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OLE MISS 14 TCU 13
Tex Maule
January 09, 1956
Bumper to bumper they came, their headlights cutting through the prairie night and converging, like the spokes of a giant wheel, on Dallas. Thirty thousand were in town by Saturday, 45,000 by Monday. From Wichita, Little Rock and Vicksburg, from Tulsa, Amarillo and Albuquerque, they drove, rode and flew.
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January 09, 1956

Ole Miss 14 Tcu 13

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Bumper to bumper they came, their headlights cutting through the prairie night and converging, like the spokes of a giant wheel, on Dallas. Thirty thousand were in town by Saturday, 45,000 by Monday. From Wichita, Little Rock and Vicksburg, from Tulsa, Amarillo and Albuquerque, they drove, rode and flew.

When Jim Swink loped out onto the Bermuda grass turf with his TCU teammates and Eagle Day pitched his first practice pass for Mississippi there was scarcely a soul in the Cotton Bowl who begrudged Oklahoma and Maryland to Miami or UCLA and Michigan State to Pasadena. Swink, who scored 20 touchdowns during the season, and Day, the South's finest practitioner of the split-T run-pass option, were indeed the stars of the game. But the key figure in Ole Miss's upset 14-13 victory was a tall, gangling young man named Chuck Curtis who spent most of the afternoon in a Dallas hospital.

Before the game TCU Coach Abe Martin told Curtis, the team's only good passer, not to attempt to run the opening kickoff back under any circumstances. "If you catch it, throw it back to Swink," Martin said. But Curtis caught the opening kickoff, thought he saw daylight ahead, and ran anyway. Driven down under a three-man Mississippi tackle, Curtis was carried off with a bruised right shoulder and two broken ribs—and with him went TCU's passing game.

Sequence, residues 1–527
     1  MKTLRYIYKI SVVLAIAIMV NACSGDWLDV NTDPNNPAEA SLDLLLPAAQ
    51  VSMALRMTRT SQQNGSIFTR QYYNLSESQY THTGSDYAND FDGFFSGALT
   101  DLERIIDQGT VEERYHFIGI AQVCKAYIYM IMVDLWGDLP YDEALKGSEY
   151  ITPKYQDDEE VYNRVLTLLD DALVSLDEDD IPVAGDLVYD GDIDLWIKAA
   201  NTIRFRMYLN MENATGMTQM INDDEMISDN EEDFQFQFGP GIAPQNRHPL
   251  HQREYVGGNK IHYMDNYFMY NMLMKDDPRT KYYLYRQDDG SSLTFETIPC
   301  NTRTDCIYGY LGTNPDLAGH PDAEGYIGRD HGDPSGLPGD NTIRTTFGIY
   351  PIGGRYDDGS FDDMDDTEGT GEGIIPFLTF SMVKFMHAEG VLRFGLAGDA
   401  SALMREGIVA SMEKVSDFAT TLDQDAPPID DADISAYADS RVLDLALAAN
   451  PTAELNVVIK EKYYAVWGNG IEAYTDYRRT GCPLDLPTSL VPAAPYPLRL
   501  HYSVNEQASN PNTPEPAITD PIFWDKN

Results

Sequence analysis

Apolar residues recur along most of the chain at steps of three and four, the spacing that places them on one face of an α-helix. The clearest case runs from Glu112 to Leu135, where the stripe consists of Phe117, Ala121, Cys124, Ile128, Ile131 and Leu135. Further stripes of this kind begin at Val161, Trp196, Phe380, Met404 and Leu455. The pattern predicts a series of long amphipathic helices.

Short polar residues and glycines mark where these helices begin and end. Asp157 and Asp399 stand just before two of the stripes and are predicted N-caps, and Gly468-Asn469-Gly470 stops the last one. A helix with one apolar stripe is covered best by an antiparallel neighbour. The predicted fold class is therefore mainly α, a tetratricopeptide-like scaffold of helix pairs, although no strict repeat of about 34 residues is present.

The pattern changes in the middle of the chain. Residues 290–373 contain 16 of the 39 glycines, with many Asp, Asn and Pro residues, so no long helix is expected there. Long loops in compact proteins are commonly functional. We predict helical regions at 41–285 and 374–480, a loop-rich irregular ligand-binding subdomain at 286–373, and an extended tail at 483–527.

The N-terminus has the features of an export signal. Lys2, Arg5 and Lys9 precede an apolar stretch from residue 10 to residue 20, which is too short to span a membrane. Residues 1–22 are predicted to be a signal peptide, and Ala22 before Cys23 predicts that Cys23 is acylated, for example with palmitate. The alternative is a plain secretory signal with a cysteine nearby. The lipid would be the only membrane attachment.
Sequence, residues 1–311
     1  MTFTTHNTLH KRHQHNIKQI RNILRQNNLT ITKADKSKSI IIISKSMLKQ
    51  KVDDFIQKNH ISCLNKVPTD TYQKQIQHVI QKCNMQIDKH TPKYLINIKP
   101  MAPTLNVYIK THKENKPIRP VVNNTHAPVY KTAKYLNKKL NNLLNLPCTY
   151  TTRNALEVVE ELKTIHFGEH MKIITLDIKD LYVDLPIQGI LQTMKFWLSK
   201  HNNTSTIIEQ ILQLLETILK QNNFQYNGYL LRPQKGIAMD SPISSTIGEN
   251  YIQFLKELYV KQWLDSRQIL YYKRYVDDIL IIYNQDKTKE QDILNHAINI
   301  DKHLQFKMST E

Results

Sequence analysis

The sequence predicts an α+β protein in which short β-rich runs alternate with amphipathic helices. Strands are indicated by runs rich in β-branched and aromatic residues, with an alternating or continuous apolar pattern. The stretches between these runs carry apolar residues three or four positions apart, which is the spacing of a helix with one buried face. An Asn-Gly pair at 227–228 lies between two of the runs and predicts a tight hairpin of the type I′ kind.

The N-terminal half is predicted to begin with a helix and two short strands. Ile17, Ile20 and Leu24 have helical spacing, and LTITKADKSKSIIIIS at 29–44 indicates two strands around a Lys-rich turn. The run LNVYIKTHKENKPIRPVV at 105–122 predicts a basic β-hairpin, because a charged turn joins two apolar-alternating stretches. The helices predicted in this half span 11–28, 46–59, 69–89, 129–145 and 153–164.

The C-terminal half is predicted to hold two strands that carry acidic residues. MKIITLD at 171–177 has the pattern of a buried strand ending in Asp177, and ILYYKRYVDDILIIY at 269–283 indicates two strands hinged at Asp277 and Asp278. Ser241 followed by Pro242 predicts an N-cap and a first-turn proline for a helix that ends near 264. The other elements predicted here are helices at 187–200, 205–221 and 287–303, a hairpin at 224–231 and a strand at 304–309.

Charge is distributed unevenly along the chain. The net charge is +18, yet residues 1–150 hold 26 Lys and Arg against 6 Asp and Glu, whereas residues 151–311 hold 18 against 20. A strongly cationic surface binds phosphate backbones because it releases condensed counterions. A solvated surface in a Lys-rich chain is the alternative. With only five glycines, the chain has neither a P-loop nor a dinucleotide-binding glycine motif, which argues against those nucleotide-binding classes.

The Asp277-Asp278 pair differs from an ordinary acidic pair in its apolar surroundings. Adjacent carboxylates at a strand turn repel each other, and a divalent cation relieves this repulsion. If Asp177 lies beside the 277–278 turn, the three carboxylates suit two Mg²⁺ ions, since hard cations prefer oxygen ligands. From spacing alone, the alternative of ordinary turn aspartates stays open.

Dick Finney, a sub quarterback who had never run a down with the TCU first string, came in and did a fine job. But with Curtis gone, Ole Miss could afford to mass its defense and it was too tough an obstacle for even Swink to get around.

The burr-headed halfback managed to race for 107 yards in 19 carries and scored both of TCU's touchdowns. But TCU Fullback Harold Pollard had bad luck on his second conversion. A penalty nullified the kick which would have made it 14-0 and, on a second try from the seven, Pollard missed.

Day was the heart and soul of the Ole Miss attack. He showed he could run but, as SI pointed out in its Cotton Bowl Scouting Report (SI, Dec. 26), he would much rather throw. During the afternoon he completed 10 of 21 attempts for 137 yards, and two long passes set up the first touchdown. Fullback Paige Cothren scored from the two and then kicked the point. The Rebels came back again to win with less than 4� minutes left in the game. Day set up the touchdown late in the fourth quarter with a 24-yard run down the middle and sub halfback Billy Lott scored from the five. Cothren again kicked the point and Ole Miss won 14-13.

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